It is listed in Article VI of the Thirty-Nine Articles of the Church of England.[18] In the Daily Office Lectionary for Christmas Eve, Baruch 4:21–29 is read; on Christmas day, Baruch 4:30–5:9. (Both of these are considered Messianic Prophecy in the Anglican tradition)[19]


In the Eastern Orthodox Church and those Eastern Catholic Churches which follow the Byzantine Rite, a selection from Baruch (which is considered an extension of the Book of Jeremiah, and is announced in the services as "Jeremiah") is read as one of the eight Paroemia (Old Testament readings) during the Vesperal Divine Liturgy on Christmas Eve.

Use by theologians, Church Fathers, the Second Vatican Council[edit]

In Summa Theologiae. III 4 4, Doctor of the Church Thomas Aquinas quotes Baruch 3:38 to affirm that "the Son of God assumed human nature in order to show Himself in men's sight, according to Baruch 3:38: 'Afterwards He was seen upon earth, and conversed with men.'" This is part of his discussion of "the mode of union on the part of the human nature" III 4. He quotes the same passage of Baruch in III 40 1 to help answer "whether Christ should have associated with men, or led a solitary life" III 40.

Church Father St. Clement of Alexandria,[20] d. AD 217, quoted Baruch 3:16–19, referring to the passage thus: "Divine Scripture, addressing itself to those who love themselves and to the boastful, somewhere says most excellently: 'Where are the princes of the nations...'" (see "Paean for Wisdom" example infra) (Jurgens §410a).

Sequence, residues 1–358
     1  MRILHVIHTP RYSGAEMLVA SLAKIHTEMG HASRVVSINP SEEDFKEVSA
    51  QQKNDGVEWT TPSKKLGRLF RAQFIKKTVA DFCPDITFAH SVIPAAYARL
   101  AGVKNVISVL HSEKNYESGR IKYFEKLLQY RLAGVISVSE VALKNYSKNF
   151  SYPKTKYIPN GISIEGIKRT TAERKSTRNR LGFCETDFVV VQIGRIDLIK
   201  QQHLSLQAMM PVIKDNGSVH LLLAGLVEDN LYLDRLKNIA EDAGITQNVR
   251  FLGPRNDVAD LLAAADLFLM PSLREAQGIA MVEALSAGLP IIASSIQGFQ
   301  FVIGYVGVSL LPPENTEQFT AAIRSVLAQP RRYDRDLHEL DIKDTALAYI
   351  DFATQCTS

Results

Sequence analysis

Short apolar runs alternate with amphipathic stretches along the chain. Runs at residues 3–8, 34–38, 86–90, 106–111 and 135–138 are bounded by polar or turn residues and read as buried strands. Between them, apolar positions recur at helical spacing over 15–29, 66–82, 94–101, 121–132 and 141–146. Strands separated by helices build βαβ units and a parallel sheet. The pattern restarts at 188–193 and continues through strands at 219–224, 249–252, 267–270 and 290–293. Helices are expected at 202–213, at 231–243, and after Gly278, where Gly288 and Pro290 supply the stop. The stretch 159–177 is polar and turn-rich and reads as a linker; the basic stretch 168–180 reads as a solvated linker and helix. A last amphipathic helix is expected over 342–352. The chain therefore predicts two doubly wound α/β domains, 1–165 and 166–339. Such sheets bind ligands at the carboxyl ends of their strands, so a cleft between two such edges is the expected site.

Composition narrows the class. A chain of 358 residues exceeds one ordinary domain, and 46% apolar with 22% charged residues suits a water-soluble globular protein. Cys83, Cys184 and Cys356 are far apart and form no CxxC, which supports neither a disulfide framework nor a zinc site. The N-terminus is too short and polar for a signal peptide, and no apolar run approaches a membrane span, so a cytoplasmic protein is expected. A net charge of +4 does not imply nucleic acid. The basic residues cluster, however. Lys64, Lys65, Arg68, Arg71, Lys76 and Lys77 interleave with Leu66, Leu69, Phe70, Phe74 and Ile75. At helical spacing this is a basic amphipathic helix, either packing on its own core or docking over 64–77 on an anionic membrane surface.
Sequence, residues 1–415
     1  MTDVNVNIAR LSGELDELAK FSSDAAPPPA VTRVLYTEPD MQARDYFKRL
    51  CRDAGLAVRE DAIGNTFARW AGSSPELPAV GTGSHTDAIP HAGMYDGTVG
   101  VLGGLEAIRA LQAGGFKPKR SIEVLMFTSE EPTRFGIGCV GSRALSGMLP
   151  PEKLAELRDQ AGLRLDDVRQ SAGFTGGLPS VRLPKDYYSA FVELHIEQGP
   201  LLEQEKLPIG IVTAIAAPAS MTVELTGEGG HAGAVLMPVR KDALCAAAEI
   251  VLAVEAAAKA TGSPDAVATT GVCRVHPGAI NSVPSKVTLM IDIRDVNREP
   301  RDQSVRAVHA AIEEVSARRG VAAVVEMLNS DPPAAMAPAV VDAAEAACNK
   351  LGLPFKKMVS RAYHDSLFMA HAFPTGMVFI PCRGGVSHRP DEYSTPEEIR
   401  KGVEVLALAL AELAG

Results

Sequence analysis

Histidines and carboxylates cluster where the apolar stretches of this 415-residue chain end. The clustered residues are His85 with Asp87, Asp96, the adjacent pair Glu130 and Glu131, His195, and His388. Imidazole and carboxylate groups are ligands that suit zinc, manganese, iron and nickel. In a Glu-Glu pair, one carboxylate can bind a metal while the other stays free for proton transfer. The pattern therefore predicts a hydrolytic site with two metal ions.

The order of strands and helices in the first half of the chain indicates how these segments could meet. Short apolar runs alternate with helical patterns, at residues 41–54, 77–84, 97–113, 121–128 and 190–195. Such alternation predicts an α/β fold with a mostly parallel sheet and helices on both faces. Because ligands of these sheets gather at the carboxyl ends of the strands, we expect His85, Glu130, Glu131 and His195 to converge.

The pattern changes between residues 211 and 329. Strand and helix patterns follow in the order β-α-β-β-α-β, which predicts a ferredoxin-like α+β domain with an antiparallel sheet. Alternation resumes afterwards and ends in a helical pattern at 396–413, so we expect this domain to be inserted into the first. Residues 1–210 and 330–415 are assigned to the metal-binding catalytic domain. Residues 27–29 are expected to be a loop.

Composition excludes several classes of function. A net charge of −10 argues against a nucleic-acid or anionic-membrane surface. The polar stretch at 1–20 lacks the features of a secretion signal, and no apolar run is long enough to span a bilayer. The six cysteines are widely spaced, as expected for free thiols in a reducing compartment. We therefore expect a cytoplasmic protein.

St. Hilary of Poitiers,[21] d. AD 368, also a Church Father, quoted the same passage as St. Thomas, supra, (3:36–38), citing "Jeremias", about which Jurgens states: "Baruch was secretary to Jeremias, and is cited by the Fathers mostly under the name of Jeremias" (§864n). St. Hilary states: "Besides Moses and Isaias, listen now a third time, and to Jeremias, who teaches the same thing, when He says:..." (Jurgens §864).

Baruch 3:38(37) is referenced in the Dogmatic Constitution on Divine Revelation of the Second Vatican Council.[22]

Use in the current Catechism of the Catholic Church[edit]

Baruch 6 is quoted in the Catechism of the Catholic Church[23] as part of an exposition against idolatry. During the Diaspora the Jews lamented their lapse into idolatry, and their repentance is captured in the Book of Baruch.

See also[edit]


  1. ^ Cp. Jeremiah 36:9-10 and Baruch 1:1-5.
  2. ^ Reginald C. Fuller, ed. (1975) [1953]. A New Catholic Commentary on Holy Scripture. Thomas Nelson. , §504h. Also, "late Babylonian"; "alluded to, seemingly, in 2 Mac 2:1–3" in The Jerusalem Bible, 1966, p. 1128.